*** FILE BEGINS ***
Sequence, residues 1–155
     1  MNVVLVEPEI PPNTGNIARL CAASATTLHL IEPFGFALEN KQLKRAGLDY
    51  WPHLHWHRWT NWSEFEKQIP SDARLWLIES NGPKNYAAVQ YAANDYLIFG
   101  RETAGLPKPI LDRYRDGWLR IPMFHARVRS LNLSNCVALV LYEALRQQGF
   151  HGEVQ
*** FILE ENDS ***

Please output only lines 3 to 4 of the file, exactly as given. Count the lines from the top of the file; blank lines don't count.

    51  WPHLHWHRWT NWSEFEKQIP SDARLWLIES NGPKNYAAVQ YAANDYLIFG
   101  RETAGLPKPI LDRYRDGWLR IPMFHARVRS LNLSNCVALV LYEALRQQGF